“Creole Soul: Zydeco Lives” by Burt Feintuch and edited by Jeannie Banks Thomas

I first encountered zydeco on a visit to New Orleans. I was enthralled by the banging beats of Buckwheat Zydeco. The Cajun music I had heard previously in NOLA was good enough, but I could take it sitting down. Zydeco demanded that I get up and dance.  Zydeco combines the energy of rock and roll with the passion of the blues and a raucous sound all its own. I thought I knew a little about zydeco. But Creole Soul: Zydeco Lives showed me I knew very little. (Other than that I liked it.)

Zydeco, Burt Feintuch writes, is a “word that can designate a musical genre, an event featuring that music, or the kind of dancing one does to that music.”

In Creole Soul: Zydeco Lives, prominent band leaders tell their own stories through a question/answer format led by Feintuch. Interviews include Ed Poullard, Lawrence “Black” Ardoin, Step Rideau, Brian Jack, Jerome Batiste, Ruben Moreno, Nathan Williams Jr., Leroy Thomas, Corey Ledet, Sean Ardoin, and Dwayne Dopsie.  Feintuch also explores the history of the music and its originators like Clifton Chenier.

The interviews are accompanied by a stunning collection of photographs by Gary Samson that showcase the bands, the fans, the clubs, and the African American trailrides. What is a trailride, you ask? I didn’t know either. A trailride is a campout festival with horses and wagons, spicy Creole food, zydeco and traditional line dancing, and all-night partying in the countryside. The festivals are a celebration of Black cowboys and Black Creole history.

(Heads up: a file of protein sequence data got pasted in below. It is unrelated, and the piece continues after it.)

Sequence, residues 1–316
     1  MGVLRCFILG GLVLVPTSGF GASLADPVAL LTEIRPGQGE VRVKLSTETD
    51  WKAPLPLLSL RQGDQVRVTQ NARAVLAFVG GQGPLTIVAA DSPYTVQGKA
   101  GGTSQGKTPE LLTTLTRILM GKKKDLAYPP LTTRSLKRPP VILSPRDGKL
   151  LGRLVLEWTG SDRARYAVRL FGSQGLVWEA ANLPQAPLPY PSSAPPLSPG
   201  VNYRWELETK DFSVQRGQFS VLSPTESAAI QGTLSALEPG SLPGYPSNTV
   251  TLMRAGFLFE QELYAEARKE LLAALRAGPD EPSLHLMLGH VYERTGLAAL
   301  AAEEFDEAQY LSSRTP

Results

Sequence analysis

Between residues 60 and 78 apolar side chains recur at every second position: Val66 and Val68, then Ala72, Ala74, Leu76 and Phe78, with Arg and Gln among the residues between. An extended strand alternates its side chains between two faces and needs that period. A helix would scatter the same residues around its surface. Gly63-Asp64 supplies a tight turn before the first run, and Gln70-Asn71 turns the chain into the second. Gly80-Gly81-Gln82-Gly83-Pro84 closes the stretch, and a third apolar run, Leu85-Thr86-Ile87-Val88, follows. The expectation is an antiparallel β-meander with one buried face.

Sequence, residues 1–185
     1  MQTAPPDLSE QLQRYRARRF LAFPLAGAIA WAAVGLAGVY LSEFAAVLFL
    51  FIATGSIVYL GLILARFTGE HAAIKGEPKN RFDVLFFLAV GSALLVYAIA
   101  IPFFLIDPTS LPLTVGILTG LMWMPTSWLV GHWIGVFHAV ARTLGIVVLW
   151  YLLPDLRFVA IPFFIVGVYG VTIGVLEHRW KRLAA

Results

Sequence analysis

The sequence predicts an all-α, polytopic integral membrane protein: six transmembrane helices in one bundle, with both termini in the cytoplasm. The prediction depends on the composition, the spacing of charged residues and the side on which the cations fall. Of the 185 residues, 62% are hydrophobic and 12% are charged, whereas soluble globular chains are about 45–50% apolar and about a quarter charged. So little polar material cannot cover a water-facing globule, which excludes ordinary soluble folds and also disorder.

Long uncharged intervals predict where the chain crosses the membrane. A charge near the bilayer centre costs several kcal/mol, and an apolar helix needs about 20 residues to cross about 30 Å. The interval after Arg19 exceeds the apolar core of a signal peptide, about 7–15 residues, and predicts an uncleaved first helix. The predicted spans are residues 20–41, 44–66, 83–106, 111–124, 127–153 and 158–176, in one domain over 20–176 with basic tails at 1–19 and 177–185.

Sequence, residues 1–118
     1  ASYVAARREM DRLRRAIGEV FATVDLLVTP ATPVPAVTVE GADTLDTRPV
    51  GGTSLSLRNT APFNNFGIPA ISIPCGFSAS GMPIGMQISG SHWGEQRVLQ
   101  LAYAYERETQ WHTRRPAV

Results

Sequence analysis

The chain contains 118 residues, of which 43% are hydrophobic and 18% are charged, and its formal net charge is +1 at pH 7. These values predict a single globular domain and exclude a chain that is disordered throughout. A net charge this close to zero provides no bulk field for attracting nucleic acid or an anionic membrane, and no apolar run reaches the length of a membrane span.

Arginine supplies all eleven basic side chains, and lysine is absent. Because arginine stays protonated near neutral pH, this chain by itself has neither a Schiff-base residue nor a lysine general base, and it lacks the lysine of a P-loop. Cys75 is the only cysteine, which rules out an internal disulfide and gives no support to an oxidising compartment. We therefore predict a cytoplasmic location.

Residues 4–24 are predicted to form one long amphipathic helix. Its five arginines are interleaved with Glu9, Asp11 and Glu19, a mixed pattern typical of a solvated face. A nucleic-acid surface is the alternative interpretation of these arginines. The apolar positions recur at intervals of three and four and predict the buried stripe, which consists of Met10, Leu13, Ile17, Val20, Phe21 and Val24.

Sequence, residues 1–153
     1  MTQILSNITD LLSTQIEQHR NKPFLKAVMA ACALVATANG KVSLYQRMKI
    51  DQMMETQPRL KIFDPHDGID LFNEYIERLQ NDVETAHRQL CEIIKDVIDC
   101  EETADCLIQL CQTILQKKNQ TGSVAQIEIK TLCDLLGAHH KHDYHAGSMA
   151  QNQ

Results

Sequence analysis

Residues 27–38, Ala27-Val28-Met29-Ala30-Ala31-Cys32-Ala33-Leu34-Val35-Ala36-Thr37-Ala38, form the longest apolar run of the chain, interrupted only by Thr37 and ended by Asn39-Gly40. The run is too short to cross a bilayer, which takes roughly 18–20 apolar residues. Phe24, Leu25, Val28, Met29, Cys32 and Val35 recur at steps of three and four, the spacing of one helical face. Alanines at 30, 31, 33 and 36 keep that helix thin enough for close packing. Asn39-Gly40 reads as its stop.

I also didn’t know that Houston, Texas, is a big center for zydeco. Probably even bigger than Louisiana. In fact, Feintuch’s book is divided into two geographic parts: East Texas and Louisiana. And East Texas comes first. The Texas events are not marketed as widely to tourists, according to Feintuch.

In the interviews, the various band leaders discuss the different types of accordions they use. The author also provides a little history of the frottoir, otherwise known as a rubboard or scrubboard, employed by zydeco bands. Feintuch compares and contrasts different styles of zydeco: traditional versus contemporary. Many bands are a blend of styles, trying to balance “old rural ways with an urban existence.” But whether the band plays classical style zydeco or leans into more modern forms borrowing from hip-hop, all zydeco is known for “banging”: really, really, really loud bass sound waves that Feintuch claims made his pants legs flap. Bass he could feel thumping in his chest.

In any case, Feintuch says zydeco gives “young people an opportunity that’s increasingly rare in the United States—dancing to live music.” And to borrow lyrics from an old Fats Domino song, “ain’t that a shame.”

For the photographs alone, this book would make a great addition to any music lover’s bookshelf.

Burt Feintuch (1949-2018) directed the Center for the Humanities and was a professor of folklore for many years at the University of New Hampshire. He is author of Talking New Orleans Music: Crescent City Musicians Talk about Their Lives, Their Music, and Their City, published by University Press of Mississippi. Jeannie Banks Thomas is a fellow of the American Folklore Society and a professor in the Department of English and Folklore Program at Utah State University. She is author of several books on contemporary folklore, two of which won international awards. Gary Samson is an accomplished fine arts photographer and New Hampshire Artist Laureate whose work has been exhib­ited internationally. He is professor emeritus of photography at the Institute of Art and Design at New England College. He is photographer for Talking New Orleans Music: Crescent City Musicians Talk about Their Lives, Their Music, and Their City, published by University Press of Mississippi.


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